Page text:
France: Insider Trading: The Court of Cassation's Judgment on what Qualifies as ‘Privileged Information’

Pages85-88
DOIhttps://doi.org/10.1108/eb025761
Publication Date01 Mar 1996
AuthorDavid Peacock
SubjectAccounting & finance
Journal of Financial Crime — Vol. 4 No. 1 — International
France: Insider Trading: The Court of Cassation's
Judgment on what Qualifies as 'Privileged
Information'
David Peacock
The provisions of s. 10-1 of the ordinance of 28th
September, 1967, likewise those of EC directive
89/592 of 13th November, 1989, forbid persons
who,
in virtue of their profession or office, have
available to them 'privileged information' concern-
ing possible future changes in the price of a trans-
ferable security from carrying out dealings in the
market before this knowledge becomes public:
such information must be precise, confidential, of
a kind to influence the price of the security and
give rise to the transactions effected. In
a
judgment
of 26th June, 1995 the Court of Cassation, quash-
ing the Court of Appeal's ruling, held that the
privileged character of the information within the
meaning of the texts could not depend on the
analysis that the person receiving and using it
could make, but that this character must be deter-
mined objectively, excluding any arbitrariness, and
in relation to its content alone.
The facts of this case are that during during
November 1988 the Banque de l'Union Europé-
enne (BUE) made an enormous purchase of the
shares of the company la Ruche Méridionale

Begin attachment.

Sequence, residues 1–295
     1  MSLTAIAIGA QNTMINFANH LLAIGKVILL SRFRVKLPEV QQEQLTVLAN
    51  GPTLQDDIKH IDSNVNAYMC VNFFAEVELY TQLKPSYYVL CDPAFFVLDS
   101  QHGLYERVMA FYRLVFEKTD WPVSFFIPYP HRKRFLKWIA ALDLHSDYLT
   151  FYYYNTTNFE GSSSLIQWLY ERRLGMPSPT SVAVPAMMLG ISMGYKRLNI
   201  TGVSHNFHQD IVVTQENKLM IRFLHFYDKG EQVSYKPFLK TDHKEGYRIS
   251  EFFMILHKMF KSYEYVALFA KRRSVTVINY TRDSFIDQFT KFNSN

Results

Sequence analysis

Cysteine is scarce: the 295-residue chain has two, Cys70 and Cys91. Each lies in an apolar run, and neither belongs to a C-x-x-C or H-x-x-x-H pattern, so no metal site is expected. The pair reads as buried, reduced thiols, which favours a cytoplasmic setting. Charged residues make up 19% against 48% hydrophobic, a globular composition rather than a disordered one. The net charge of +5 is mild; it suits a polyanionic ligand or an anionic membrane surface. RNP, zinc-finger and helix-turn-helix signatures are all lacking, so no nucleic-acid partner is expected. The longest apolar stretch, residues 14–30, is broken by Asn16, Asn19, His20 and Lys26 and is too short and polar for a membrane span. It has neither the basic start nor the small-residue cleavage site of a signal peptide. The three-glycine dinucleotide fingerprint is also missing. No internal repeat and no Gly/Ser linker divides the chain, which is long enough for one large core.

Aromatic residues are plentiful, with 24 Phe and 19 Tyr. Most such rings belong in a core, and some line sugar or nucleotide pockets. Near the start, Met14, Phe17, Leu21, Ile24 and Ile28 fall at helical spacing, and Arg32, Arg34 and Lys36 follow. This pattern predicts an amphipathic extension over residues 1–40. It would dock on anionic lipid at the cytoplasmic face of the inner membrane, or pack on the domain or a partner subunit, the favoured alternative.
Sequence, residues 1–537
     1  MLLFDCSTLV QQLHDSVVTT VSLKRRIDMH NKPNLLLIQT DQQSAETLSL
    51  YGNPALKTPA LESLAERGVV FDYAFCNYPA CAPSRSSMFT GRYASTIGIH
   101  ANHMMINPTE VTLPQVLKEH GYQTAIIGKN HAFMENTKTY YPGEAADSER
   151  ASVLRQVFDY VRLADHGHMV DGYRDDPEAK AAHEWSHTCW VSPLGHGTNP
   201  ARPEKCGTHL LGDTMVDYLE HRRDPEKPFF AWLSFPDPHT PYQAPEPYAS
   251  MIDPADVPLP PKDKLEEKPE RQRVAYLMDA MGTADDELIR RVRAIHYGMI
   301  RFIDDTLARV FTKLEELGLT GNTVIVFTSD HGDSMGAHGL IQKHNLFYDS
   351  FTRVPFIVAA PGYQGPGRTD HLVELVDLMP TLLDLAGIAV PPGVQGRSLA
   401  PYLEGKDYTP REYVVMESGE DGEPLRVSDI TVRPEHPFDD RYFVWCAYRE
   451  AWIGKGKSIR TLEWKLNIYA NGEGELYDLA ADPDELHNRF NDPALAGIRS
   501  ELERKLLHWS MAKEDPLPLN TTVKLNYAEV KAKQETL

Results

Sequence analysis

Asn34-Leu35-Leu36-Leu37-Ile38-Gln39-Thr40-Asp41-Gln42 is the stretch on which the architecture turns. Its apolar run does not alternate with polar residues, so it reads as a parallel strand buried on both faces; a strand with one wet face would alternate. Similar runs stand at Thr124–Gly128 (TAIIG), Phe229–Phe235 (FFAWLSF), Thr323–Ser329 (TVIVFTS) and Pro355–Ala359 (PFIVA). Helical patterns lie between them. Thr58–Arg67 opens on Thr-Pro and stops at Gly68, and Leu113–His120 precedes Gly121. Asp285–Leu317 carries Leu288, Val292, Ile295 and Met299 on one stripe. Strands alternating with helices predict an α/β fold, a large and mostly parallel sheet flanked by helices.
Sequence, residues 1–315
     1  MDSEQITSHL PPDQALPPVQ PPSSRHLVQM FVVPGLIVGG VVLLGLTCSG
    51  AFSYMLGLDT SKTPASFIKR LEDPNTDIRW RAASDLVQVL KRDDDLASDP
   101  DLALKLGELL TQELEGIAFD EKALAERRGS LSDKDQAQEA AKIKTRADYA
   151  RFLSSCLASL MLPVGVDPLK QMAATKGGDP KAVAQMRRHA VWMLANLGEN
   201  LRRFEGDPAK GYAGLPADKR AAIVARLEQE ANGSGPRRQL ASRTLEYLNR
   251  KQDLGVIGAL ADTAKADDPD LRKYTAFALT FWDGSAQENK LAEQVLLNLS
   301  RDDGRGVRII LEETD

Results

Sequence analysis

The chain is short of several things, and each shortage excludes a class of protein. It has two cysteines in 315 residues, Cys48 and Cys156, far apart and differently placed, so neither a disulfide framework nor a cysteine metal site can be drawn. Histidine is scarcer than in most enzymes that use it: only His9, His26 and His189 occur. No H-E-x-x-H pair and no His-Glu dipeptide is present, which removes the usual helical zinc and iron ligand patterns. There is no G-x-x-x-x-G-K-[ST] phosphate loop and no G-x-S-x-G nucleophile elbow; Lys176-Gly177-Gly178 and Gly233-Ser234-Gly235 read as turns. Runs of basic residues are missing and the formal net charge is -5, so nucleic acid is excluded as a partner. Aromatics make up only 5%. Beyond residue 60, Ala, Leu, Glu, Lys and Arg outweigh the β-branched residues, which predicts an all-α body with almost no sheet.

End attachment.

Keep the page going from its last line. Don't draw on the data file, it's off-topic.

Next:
(LRM) which was quoted on the Bordeaux
exchange, this being before the making on 28th
December, 1988 of a take-over bid by the com-
pany Rallye and on 9th January, 1989 of
a
counter-
bid from the Compagnie Française de l'Afrique
occidentale (CFAO). With the transfer of its stock
to CFAO, BUE derived a profit of FF93,835,374
from this operation. The COB, the equivalent of
the Securities and Exchange Commission, lodged a
complaint and two managers of BUE, Paul Alibert
and Sidney Cabessa, were prosecuted for insider
trading under s. 10-1 of the 1967 ordinance.
In holding the accused guilty of this charge the
Court of Appeal held that the managers knew of
the interest of Rallye and CFAO in LRM and of
their wish to acquire a significant share in its capi-
tal at the time they bought for their own account a
block of LRM stock that a client had requested be
sold discreetly and had proceeded to make further
purchases on the market. This knowledge derived
from their special acquaintance with the major dis-
tribution sector and their frequent contacts with
the undertakings concerned. The Court of Appeal
judges added, rejecting the defence plea based on
the uncertainty and imprecision of the information
in issue, that the privileged character of the infor-
mation should be determined according to the
degree of knowledge of the person receiving it and
that in this case the few bits of information
gathered by the accused could, taking into account
their perfect knowledge of the subject, immedia-
tely be put to use. The Court of Cassation quashed
this judgment in the following terms:
'But whereas, as these assertions stand, and
whence it follows that the incriminated spec-
ulative dealing resulted merely from financial
estimates made over a long period, which were
based on facts and circumstances known in the
professional environment, the Court of Appeal
could not, without violating the statute, declare
that the offence of insider trading was estab-
lished, whose statutory elements were not
found; hence, the judgment is quashed.'
It must now be considered what sort of privileged
information is a constituent element of insider
trading in the light of this judgment. The review
of this case in La
Semaine Juridique
makes twelve
points:
1.
For a long time it has not been possible to
foresee precisely the application of the law here
and, because of the imprecision of the texts, there
has been a sort of divination. This decision of the
Court of Cassation, considered important by the
COB,
by trying to reduce the subjective element
implied in the prerequisites of guilt for the
offence, has once again allowed jurists to predict
accurately what should be the outcome of such
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